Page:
Parenting: Kids and Food

David Murphy and his kids like comfort food, but they all watch their diets.

February 16, 2011 7:23:15 AM PST
In the Murphy family, the drive to get kids eating healthier starts at home.

Plenty has been written about childhood obesity over the years and rather than tread over that well-worn ground, it's suffice to simply state the obvious: a balanced diet, along with exercise, are the crucial elements in getting kids off to a good start in life. Along the way, it's also nice if some lessons about food choices are learned and good habits acquired. That way, the early pattern of healthy eating has a chance to stick with a kid throughout their lives.

You can start your children along this path with a visual aide. Did you know that in 2005, the U.S. Department of Agriculture changed that age-old food pyramid we were all shown when we were kids? has a really neat web page that not only shows the new design, but includes a great article that lists all the details. Here's the skinny. Government nutritionists have decided it isn't good enough to only tell kids about the variety of foods they should be eating. They also want kids to learn which foods they should be eating most often. Rather than showing pictures of milk, meat, fruit, etc., the new pyramid represents different food types through a rainbow of colors, the fat stripes representing things like vegetables and grain which should be consumed the most, and the thin stripes noting items like oils and fats that should go down the hatch in lesser amounts. The idea is to show kids that mixing different foods isn't the only mission; they should also give some thought as to how much of various foods they're consuming.

The artwork also shows a kid hiking up the side of the new pyramid to illustrate the value of exercise in the overall health plan.

Of course, the pyramid doesn't mean much if a child isn't getting some healthy help at home, too. In our house, the kitchen cabinets usually contain some snack foods; we're not saints in this regard. But we include pretzels, crackers (including some whole-grain varieties) and baked potato chips which are lower in oil and fat. Microwave popcorn is an option, and there are usually some nuts around. There's always yogurt in the fridge, too, and we do our best to keep a steady supply of fruit available, even in the months when there's less variety. Clementine oranges are great because you get a lot of them in one crate and you can just dump them into the crisper for easy pickings. Bananas are also regular residents on the countertop (we hang them from a neat little hook designed to keep them from bruising). We also stay stocked with a variety of juices and we keep the flavors rotating so they don't get tired. There's soda in the garage but that's a regulated treat that isn't usually allowed.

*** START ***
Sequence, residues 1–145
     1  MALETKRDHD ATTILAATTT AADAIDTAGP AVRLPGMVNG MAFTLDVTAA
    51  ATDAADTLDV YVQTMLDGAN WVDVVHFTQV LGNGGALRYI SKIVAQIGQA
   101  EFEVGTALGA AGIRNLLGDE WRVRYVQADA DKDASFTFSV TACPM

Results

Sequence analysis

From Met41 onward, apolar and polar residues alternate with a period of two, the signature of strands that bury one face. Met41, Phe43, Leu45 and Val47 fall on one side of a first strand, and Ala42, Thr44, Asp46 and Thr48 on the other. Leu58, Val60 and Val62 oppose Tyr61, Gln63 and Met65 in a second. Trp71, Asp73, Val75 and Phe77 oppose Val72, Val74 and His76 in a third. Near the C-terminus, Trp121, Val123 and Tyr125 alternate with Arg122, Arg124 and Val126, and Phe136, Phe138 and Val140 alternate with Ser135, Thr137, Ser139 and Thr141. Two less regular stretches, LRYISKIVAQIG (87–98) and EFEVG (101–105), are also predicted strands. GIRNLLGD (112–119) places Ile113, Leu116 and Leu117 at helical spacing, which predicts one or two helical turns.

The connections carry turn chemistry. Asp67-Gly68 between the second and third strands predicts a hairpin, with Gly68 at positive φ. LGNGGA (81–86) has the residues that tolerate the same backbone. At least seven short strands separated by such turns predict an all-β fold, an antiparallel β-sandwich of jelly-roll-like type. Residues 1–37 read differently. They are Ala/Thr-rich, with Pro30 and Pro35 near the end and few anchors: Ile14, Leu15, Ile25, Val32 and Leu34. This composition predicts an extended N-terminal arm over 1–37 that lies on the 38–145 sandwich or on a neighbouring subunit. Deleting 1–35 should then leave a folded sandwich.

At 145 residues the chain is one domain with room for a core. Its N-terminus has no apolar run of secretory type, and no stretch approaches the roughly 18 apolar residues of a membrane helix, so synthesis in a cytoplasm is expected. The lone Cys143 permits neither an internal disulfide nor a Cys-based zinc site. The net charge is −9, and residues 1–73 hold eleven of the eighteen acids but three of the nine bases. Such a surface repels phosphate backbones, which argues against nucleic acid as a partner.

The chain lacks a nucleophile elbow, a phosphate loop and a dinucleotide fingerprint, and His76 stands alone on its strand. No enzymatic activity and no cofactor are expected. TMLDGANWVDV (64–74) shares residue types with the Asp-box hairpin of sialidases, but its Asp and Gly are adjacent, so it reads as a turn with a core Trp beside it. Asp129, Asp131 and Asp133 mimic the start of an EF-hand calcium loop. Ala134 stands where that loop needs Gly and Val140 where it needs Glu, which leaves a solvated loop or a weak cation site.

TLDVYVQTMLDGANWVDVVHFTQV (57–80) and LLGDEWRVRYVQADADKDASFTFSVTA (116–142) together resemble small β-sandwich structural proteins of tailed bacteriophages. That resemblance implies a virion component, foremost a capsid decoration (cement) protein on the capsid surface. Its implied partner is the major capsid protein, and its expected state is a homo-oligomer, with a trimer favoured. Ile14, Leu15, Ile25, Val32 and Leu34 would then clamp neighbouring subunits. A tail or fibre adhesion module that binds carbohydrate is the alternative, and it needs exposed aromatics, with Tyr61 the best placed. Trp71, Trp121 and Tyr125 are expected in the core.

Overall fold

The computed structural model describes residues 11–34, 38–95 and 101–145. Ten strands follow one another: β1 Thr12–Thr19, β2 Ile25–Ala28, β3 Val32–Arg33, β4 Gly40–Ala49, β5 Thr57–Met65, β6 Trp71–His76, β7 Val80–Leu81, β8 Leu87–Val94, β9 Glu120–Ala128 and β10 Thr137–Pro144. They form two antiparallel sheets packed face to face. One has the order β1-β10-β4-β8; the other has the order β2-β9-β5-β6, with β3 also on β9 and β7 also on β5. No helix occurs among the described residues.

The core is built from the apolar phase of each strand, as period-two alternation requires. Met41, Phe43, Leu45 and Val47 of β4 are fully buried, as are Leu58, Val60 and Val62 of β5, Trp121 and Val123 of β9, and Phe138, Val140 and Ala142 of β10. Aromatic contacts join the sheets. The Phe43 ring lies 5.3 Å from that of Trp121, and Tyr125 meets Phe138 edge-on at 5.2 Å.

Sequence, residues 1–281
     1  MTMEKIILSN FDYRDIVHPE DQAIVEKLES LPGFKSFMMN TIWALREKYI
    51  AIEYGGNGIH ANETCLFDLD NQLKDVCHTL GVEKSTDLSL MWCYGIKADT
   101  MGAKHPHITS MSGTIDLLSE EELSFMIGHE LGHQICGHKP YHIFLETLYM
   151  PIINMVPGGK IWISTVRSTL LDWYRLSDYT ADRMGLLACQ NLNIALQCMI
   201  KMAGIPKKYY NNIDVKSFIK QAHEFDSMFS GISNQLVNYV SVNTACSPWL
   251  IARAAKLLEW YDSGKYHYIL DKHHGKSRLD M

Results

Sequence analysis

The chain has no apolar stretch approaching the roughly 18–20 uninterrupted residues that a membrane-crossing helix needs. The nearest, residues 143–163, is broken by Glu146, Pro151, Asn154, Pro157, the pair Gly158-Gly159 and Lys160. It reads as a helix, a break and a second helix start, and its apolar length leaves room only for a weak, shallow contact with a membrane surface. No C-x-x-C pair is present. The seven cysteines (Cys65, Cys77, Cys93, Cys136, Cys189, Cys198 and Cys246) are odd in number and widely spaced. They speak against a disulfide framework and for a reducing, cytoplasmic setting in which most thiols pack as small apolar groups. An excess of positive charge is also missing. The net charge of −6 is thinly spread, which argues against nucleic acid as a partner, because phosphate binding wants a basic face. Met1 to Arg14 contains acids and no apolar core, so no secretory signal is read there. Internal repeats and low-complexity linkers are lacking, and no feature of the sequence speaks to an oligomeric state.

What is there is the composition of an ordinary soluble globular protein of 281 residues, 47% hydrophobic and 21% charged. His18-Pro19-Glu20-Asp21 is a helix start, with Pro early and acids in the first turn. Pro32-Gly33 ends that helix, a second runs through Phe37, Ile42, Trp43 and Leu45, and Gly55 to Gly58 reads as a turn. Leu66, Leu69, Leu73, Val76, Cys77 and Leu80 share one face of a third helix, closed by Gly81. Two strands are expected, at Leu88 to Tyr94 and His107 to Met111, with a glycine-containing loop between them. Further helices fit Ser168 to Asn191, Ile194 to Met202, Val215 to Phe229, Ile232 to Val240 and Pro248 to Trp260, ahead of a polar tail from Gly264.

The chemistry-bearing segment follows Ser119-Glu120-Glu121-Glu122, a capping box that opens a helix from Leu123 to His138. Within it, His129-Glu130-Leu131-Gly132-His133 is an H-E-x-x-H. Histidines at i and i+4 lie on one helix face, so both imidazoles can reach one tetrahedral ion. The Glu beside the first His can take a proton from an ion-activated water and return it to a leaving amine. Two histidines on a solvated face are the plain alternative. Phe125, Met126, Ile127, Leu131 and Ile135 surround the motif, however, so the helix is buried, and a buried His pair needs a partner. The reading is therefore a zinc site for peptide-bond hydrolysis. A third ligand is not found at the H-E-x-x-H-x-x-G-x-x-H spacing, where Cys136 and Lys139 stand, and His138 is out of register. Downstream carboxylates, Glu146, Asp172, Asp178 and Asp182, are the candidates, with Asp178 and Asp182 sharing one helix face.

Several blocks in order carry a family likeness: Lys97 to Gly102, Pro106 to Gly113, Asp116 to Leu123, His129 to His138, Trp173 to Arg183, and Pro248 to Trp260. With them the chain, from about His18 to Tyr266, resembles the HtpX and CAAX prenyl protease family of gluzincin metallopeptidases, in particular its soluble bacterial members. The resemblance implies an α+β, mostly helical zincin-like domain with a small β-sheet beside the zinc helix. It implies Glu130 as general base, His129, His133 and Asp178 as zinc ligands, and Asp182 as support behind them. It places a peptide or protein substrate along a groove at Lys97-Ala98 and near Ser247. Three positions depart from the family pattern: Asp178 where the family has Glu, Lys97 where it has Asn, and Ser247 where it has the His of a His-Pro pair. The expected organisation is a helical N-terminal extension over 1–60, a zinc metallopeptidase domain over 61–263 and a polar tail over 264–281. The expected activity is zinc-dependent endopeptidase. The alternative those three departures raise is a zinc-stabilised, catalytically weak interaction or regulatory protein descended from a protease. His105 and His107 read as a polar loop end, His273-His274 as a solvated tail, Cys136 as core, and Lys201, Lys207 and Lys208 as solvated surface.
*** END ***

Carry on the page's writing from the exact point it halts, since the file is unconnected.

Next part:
We use 2% milk and whole wheat bread and cereals (okay, occasionally, I break down and get some Frosted Flakes, but usually there's Chex and Raisin Bran on hand), and we serve salad with most dinners.

You'd think our kids would have revolted over this long ago, but I'm happy to say that all of them eat salad now, and even when I offer to include my 12-year-old in one of my dietary vices (like Raisinettes), he usually declines in favor of grapes or crackers. He also has come to really love the salads. Every night, you can pretty much plan on him going back for seconds and finishing off the greens. We cut the fat off meat so regularly that now the kid questions any kind of unusual chunk of anything on his chicken or red meat and actually asks what it is and if it's okay. He's not into fat, basically.

Frankly, at twelve, my youngest is far more aware and concerned with what he eats than I was when I was his age. As a parent, it's a great thing to see. Like his older siblings, he appears bound to carry this devotion to eating healthy into his adult years, and all it took was a sustained example from us.

Personally, I don't go crazy with this, neither for my kids nor for me. Eating is one of the great pleasures in life, and I allow everyone in the family to enjoy some gastro-intestinal guilty pleasures from time to time without the guilt. But even when eating out, we usually do the salad thing, order rounded meals, and lean toward bringing home leftovers in doggie bags rather than stuffing ourselves to the gills.

Finally, this effort to educate your kids can also have side benefits. I've been able to do a better job of controlling my own health and weight by eating in the same house as my health-conscious kids. My weight's down, blood pressure and cholestrerol look good, and we all stand a better chance of enjoying each other's happy company for a long time, thanks to our collective dietary behavior.

---David Murphy

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